Advanced Test Reactor

Meeting international nuclear energy research challenges

The Advanced Test Reactor, with its unique serpentine fuel arrangement, is the center of INL's nuclear energy R&D capabilities.
The Advanced Test Reactor, with its unique serpentine fuel arrangement, is the center of INL's nuclear energy R&D capabilities.

As the national laboratory for the U.S. Department of Energy's Office of Nuclear Energy (DOE-NE), Idaho National Laboratory serves a unique role in U.S. nuclear energy research, providing its capabilities and infrastructure as a shared resource for the entire nuclear energy enterprise. INL's capabilities center around the Advanced Test Reactor (ATR), located at the ATR Complex on the INL Site 47 miles west of Idaho Falls.

Many uses

The ATR is the only U.S. research reactor capable of providing large-volume, high-flux neutron irradiation in a prototype environment, and the reactor makes it possible to study the effects of intense neutron and gamma radiation on reactor materials and fuels. ATR has many uses, supporting a variety of government and privately sponsored research.

National security

Over the years, ATR has provided the critical testing capability that has helped develop the U.S. Navy's nuclear propulsion program. The Navy remains a key customer and user of ATR, and testing there has contributed to the exceptional operational performance of the nuclear-powered fleet.

Reactor type

The ATR is a pressurized water test reactor that operates at low pressure and low temperature. It contains a beryllium reflector to help concentrate neutrons in the core, where they are needed for fuels and materials testing.

Design features

ATR's unique serpentine core allows the reactor's corner lobes to be operated at different power levels, making it possible to conduct multiple simultaneous experiments under different testing conditions. Other key features:

  • Large test volumes – up to 48 inches long and 5 inches in diameter
  • 77 testing positions
  • High neutron flux
  • Fast/thermal flux ratios ranging from 0.1 – 1.0
  • Constant axial power profile
  • Power tilt capability for experiments in same operating cycle
  • Individual experiment control
  • Frequent experiment changes
  • Core internals replacement every 10 years
  • Solid stainless steel reactor vessel approximately 48 inches from core region to minimize embrittlement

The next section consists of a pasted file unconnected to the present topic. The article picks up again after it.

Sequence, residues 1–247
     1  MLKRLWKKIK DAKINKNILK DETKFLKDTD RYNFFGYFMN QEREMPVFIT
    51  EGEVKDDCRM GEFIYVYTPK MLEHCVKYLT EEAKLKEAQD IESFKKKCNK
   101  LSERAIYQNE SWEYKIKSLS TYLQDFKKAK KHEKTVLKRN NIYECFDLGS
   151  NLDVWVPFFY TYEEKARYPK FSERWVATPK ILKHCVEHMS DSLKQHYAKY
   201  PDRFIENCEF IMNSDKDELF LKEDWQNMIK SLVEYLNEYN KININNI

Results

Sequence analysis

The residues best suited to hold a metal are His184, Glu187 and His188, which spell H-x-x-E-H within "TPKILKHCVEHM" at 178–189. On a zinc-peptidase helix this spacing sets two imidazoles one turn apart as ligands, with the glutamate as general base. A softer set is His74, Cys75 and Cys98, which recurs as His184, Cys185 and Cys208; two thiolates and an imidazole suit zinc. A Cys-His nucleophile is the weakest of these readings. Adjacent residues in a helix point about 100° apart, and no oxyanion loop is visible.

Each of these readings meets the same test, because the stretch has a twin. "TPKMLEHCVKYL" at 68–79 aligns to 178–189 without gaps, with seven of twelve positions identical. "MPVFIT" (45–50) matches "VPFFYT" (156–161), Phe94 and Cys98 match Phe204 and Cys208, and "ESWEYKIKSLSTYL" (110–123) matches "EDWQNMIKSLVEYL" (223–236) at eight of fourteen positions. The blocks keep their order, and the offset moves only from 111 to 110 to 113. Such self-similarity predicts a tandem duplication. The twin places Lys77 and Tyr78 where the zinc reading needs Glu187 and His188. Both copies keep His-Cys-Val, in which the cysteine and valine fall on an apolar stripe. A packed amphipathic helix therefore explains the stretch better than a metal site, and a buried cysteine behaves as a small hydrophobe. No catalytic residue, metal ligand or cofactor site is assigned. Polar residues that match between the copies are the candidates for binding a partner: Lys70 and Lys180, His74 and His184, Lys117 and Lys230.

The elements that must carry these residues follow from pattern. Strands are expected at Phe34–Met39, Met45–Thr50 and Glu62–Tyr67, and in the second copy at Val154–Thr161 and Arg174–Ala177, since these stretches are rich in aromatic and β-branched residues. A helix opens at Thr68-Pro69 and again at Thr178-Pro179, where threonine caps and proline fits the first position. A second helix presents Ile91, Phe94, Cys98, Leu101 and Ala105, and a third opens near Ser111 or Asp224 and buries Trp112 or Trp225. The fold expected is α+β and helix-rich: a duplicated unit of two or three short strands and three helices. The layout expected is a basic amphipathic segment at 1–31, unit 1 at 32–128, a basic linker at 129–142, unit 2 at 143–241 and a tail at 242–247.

• Accelerated testing for fuel and materials development
  • Seismic shutdown system can automatically shut down the plant if even very low levels of seismic activity are detected

Nuclear energy

Experiments conducted at ATR provide a critical look at reactor components and systems; this supports planning for the long-term operation of the reactors as well as DOE-NE's mission. Testing at ATR supports reactor research around the world to extend the life of current nuclear plants, develop designs for the reactors of the future, and test new types of nuclear fuels that reduce waste generation and proliferation risks.

Key ATR parameters compared with those of a commercial pressurized water reactor.
Key ATR parameters compared with those of a commercial pressurized water reactor.

Isotope production

The ATR produces the cobalt isotope needed for the "gamma knife" used to treat brain tumors. DOE is expanding its use to produce other medical and industrial isotopes.

Collaborative research

In 2007, DOE designated ATR and INL's post-irradiation examination capabilities as a Nuclear Science User Facility, changing the reactor's role to include research led by universities in collaboration with other laboratories and industry. Experiments to date have focused on studies of materials and current reactors, which support the development of future reactor designs.

ATR testing has led to development of low-enriched fuels for use in research reactors around the world.

Investing in the future

The Department of Energy is implementing plans to improve the reliability and general health of the ATR in order to operate until at least 2050.

This planning includes the procurement and availability of critical spare parts, including one-of-a kind components such as core internal components and beryllium reflectors. Planning also addresses staffing requirements and identifies the funding, schedule and prioritization for replacing key components and systems. This planning is a key part of the long-term operation of the reactor and the planning basis for DOE's budget requests.

For more information:

Carisa Schultz, 208-526-9120, Send e-mail, VCard icon
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